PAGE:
Date of Award
Master of Science in Pharmacy Administration
Compliance with Protease Inhibitors therapy is a very significant problem because noncompliant patients may develop resistance. The factors associated with compliance were examined in an HIV infected population (n=73) who were currently being prescribed a Protease Inhibitor. Data on demographics, clinical characteristics, mood status and coping were obtained. Compliance was measured by the ''temptation to skip Protease Inhibitor scale" and "number of doses missed in the past three months". Multiple regression was used to examine three sets of predictors variables. Amongst the demographic predictors, number of people in household was significantly associated (p<0.01) with the dependent variable "Temptation to skip Protease Inhibitor" while gender was significantly associated with the dependent variable "number of doses missed in the past three months". The other demographic variables showed little association with compliance. Amongst the clinical predictors, pain interfering with work in the past four weeks significantly predicted the temptation to skip Protease Inhibitor therapy while none of the clinical predictors were associated with the number of doses missed in the past 3 months. General mental health and behavioral escape avoidance were the mood and coping variables that showed significant associations with the temptation to skip Protease Inhibitors. None of these predicted the number of doses missed in the past three months. Finally a multivariate model was developed which investigated factors which were most highly associated with medication compliance. General mental health and number of people in household appeared to be the most highly associated factors. These results suggested that patients should be treated for psychological distress and their families should be informed about the importance of social support to reduce the impact of this problem.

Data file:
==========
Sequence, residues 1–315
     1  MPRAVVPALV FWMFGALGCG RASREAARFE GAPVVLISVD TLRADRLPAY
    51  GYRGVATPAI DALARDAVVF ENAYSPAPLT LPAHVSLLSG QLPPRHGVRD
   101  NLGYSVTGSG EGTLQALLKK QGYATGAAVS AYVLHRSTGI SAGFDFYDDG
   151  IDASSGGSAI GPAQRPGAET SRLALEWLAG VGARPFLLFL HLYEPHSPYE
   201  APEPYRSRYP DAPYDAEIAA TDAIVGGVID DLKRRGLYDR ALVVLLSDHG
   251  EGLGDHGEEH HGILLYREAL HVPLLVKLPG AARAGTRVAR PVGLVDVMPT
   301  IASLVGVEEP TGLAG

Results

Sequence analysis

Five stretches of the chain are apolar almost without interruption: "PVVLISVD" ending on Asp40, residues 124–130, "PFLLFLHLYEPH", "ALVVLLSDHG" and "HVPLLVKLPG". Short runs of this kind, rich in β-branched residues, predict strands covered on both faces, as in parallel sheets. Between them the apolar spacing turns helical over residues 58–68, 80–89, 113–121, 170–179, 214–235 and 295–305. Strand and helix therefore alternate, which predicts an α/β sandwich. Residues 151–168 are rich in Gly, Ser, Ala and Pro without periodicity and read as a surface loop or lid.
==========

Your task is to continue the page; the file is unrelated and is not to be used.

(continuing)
Gursahani, Tina, "PREDICTORS OF COMPLIANCE OF AIDS PATIENTS ON PROTEASE INHIBITORS" (1998). Open Access Master's Theses. Paper 255.